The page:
Soaring energy prices making Ontario look dim for manufacturers – by Adam Radwanski (Globe and Mail – March 19, 2014)

The Globe and Mail is Canada’s national newspaper with the second largest broadsheet circulation in the country. It has enormous influence on Canada’s political and business elite.

For businesses in Brockville, the attempt to lure them over the border wasn’t new. But the pitch was. Earlier this winter, manufacturers in the Eastern Ontario community received a letter reminding them that their province’s industrial electricity rates were projected to rise by 33 per cent over the next five years, and 55 per cent by 2032.

“As a hedge against these increases,” it suggested, “setting up an operation just across the border in St. Lawrence County, New York, may be a competitive strategy you should consider.”

Such overtures, if not in written form then made more casually, are becoming increasingly common in Ontario. While they may not find immediate takers, they are emblematic of the mounting economic threat from an energy-cost trajectory that – following a series of questionable policy decisions – the province now seems powerless to do much about.

Owing mostly to a combination of overdue investments in infrastructure, phasing out coal and an ill-fated gamble on green energy, soaring power rates have already greatly increased the cost of doing business in Ontario. That’s particularly true for those in the troubled manufacturing sector.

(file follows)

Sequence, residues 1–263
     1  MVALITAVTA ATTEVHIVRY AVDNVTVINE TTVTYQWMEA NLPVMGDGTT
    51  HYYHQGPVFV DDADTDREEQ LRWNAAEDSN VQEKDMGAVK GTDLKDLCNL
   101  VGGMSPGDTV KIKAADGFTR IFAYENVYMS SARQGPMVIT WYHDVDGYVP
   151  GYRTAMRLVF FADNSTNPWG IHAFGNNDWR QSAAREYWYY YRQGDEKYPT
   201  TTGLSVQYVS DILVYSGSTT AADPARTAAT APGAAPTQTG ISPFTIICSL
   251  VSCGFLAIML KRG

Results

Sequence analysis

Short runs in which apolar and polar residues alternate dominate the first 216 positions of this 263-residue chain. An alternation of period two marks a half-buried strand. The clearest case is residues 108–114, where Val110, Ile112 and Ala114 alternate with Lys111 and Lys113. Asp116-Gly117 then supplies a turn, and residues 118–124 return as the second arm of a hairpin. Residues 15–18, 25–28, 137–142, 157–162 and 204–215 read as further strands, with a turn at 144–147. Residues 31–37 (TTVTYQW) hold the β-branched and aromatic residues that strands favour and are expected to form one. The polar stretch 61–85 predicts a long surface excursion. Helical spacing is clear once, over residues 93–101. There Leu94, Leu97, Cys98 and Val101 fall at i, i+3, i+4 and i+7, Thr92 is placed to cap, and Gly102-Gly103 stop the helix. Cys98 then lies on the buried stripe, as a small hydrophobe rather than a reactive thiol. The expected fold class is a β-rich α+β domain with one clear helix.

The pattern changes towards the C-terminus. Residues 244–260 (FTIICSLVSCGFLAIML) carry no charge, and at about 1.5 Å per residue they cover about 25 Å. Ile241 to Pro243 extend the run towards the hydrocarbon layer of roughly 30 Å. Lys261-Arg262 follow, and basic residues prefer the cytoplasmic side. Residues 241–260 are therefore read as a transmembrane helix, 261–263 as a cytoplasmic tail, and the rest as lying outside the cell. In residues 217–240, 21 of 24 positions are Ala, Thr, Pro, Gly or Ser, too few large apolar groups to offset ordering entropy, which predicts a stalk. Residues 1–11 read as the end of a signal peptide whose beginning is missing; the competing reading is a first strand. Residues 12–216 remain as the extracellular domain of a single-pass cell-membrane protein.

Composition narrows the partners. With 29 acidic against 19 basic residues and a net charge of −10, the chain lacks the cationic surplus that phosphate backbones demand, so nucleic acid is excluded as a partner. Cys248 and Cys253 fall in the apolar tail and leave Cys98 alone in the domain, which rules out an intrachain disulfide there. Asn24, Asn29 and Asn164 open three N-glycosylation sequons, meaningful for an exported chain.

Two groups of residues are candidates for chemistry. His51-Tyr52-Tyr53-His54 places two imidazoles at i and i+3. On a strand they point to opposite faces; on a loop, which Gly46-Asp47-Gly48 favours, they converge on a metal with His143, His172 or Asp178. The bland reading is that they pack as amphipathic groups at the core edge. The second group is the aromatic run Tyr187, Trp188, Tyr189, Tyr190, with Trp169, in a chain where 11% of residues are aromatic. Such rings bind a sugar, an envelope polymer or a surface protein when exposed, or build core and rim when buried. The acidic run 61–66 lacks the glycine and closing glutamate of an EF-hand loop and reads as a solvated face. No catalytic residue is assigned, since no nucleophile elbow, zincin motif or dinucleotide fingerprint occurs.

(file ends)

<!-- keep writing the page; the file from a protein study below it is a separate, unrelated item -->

In a report last month, the Association of Major Power Consumers of Ontario (AMPCO) alleged that the province now has “the highest industrial rates in North America”; per that report, prices are currently 37 per cent higher than in neighbouring New York for the province’s biggest industrial users, and 68 per cent higher for smaller ones.

Adding insult to injury is that, because an excess of energy supply has come online at a time of decreased demand, Ontario is currently selling surplus power to New York and other neighbours at a steeply discounted rate. While that may play only a marginal role in enabling them to offer lower prices to consumers, it adds to frustration on this side of the border – not so much with those taking advantage, as with perceived mismanagement of the province’s energy market that has given them the opportunity to do so.

“It’s not anything to do with them – they’re capitalizing on an opportunity,” said Brockville Chamber of Commerce executive director Anne MacDonald about St. Lawrence County. “It’s more about the hike in electricity costs.”

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